Voltage low at Thermostat box

Reply

  #1  
Old 12-26-05, 11:34 AM
Member
Thread Starter
Join Date: Jan 2005
Location: United States
Posts: 455
Question Voltage low at Thermostat box

I have a low voltage reading at a wall box where I plan on installing a thermostat. Essentially, the reading at this box is about 60-65 volts instead of the 110-120 volts expected.

The circuit is a 20 amp afci protected circuit which goes to a j-box and then serves 3 branches - one to a fan/light, one to the outlets and one to this j-box.

The first 2 branches read 120 volts, but the 3rd is only about 62 volts.

Why?
 
Sponsored Links
  #2  
Old 12-26-05, 02:15 PM
Member
Join Date: Sep 2000
Location: United States
Posts: 18,497
When measured with a digital voltmeter, voltage readings such as 62 are almost always "phantom voltage". The reality is that one of the two wires you're measuring voltage between is an open circuit. Something is either wrong with the circuit, or wrong with your testing procedure.
 
  #3  
Old 12-26-05, 02:40 PM
Member
Join Date: Nov 2004
Location: CA
Posts: 2,041
What type of thermostat is is that you need to install? Is it a line voltage stat for electric heat? If so, this needs to be a dedicated circuit, not tapped of a circuit feeding other devices.
 
  #4  
Old 12-26-05, 03:11 PM
chandler's Avatar
Banned. Rule And/Or Policy Violation
Join Date: Dec 2005
Location: USA
Posts: 39,968
voltage low at thermostat box

Another point to ponder, if the thermostat is a standard low voltage one, you can't install it in a box which contains line voltage.
The phantom voltage you are getting is probably involved with a three way switch application. Unless something isn't working properly, don't get too excited over it. As mentioned earlier, if it uses line voltage, it has to be dedicated.
 
  #5  
Old 12-27-05, 02:32 PM
Member
Thread Starter
Join Date: Jan 2005
Location: United States
Posts: 455
I don't recall the brand off hand, but it is a line voltage thermostat. The draw will only be 850 watts, so I'm not sure why it couldn't be on a circuit handling other devices. I do have a Lutron Fan/Light switch on another branch of this circuit that I suppose could be causing the phantom voltage (particularly if it's not wired correctly).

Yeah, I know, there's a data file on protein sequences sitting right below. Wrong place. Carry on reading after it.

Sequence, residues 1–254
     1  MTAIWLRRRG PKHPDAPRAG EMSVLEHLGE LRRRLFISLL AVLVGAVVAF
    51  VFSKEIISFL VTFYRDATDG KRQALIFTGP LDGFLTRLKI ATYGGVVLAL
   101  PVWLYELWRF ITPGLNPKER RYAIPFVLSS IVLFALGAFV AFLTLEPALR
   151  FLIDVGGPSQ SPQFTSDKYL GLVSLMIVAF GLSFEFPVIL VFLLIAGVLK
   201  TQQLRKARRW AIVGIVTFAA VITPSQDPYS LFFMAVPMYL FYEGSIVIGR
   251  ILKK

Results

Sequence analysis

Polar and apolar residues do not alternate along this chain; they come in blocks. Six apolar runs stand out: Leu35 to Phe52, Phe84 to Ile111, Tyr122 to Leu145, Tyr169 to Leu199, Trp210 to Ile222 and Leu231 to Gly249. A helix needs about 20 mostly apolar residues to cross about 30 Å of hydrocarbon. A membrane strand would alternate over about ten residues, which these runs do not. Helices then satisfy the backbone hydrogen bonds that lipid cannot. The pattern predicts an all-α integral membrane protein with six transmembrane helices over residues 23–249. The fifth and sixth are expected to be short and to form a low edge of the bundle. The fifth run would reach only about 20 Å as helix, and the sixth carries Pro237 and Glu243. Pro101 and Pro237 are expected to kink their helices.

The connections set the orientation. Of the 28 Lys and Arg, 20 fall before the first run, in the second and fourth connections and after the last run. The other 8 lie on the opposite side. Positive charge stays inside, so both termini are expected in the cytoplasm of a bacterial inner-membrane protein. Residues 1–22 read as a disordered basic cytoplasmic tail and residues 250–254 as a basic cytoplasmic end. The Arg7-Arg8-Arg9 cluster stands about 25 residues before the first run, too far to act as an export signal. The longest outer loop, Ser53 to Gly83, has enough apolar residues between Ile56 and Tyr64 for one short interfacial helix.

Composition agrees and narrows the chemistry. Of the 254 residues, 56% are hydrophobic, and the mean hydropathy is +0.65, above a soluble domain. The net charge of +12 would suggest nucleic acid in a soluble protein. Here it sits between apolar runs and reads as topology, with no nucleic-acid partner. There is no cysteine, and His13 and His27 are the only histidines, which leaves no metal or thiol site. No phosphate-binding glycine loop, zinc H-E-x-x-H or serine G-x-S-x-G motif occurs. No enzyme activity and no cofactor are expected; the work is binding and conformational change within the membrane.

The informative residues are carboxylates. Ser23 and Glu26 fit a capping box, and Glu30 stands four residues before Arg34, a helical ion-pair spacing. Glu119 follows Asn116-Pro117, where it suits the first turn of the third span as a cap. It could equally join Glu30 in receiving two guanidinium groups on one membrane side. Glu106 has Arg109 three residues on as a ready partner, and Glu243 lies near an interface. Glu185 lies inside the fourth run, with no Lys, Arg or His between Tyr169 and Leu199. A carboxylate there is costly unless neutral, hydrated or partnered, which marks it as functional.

The readings are without the thermostat installed (just checking line voltage) so I suspect the Fan/Light Switch is wired wrong but then I wouldn't expect to get proper voltages at the outlets on the 3rd branch. Hmmmm........

Must be something between the j-box in the attic and the thermostat box on the wall. I don't see any other way for 2 branches to have 110 while the 3rd measures just 62.

By "Open Circuit" do you mean a loose connection or broken wire?
 
  #6  
Old 12-27-05, 05:27 PM
Member
Join Date: Nov 2004
Location: CA
Posts: 2,041
First, you are using the term "branch" very loosely. Tell us about what color wires and how many. What used to be in this box ? a switch?
What did it switch?
 
  #7  
Old 12-28-05, 09:22 AM
Member
Thread Starter
Join Date: Jan 2005
Location: United States
Posts: 455
This is an entirely new circuit.

I ran 12/2 wg (Black/White/Bare Copper)from the panel (20 amp AFCI breaker) to a j-box in an attic space. From that point there are 3 sets of 12/2 wg (Black/White/Bare Copper) [all like color wires connected with wire nuts] going out to:

1. a series of duplex outlets wired in parallel.
2. a switch box that has a Fan/Light combination switch. A 12/3 (Black/Red/White/Bare Copper)wg goesfrom this box to the Fan/Light.
3. a switch box that will have the thermostat. A 12/2 wg (Black/White/Bare Copper) goes from this box to 2 outlets which radiant heating panels will be plugged in. The incoming Black and White will be connected to the corresponding "Line" connections of the Thermostat and the outgoing to the "Load" connections.

I call each of the above a "branch". If this is incorrect terminology I apologize.

I don't know how I can be any more clear about this.
 
  #8  
Old 12-28-05, 11:43 AM
Member
Join Date: Feb 2002
Location: port chester n y
Posts: 2,117
You have a J-B with one 2-wire "Feed-in" cable, and three 2-wire "Feed-out" cables, and there is not 120 volts across the Black/White wires at the termination-point of the 2-wire "Feed-out" cable to the thermostat O-B.

I suggest a "continuity" test. Dis-connect the Black & White wires of thermostat "Feed-out" cable at the J-B, and connect the Black & White wires together. Check for Zero Ohms across the Black & White wires at the thermostat O-B with your multi-tester.
 
  #9  
Old 12-28-05, 02:05 PM
Member
Thread Starter
Join Date: Jan 2005
Location: United States
Posts: 455
Thanks.
That's really what I needed to know.
 
Reply

Posting Rules
You may not post new threads
You may not post replies
You may not post attachments
You may not edit your posts

BB code is On
Smilies are On
[IMG] code is On
HTML code is Off
Trackbacks are Off
Pingbacks are Off
Refbacks are Off


Thread Tools
Search this Thread
Display Modes
'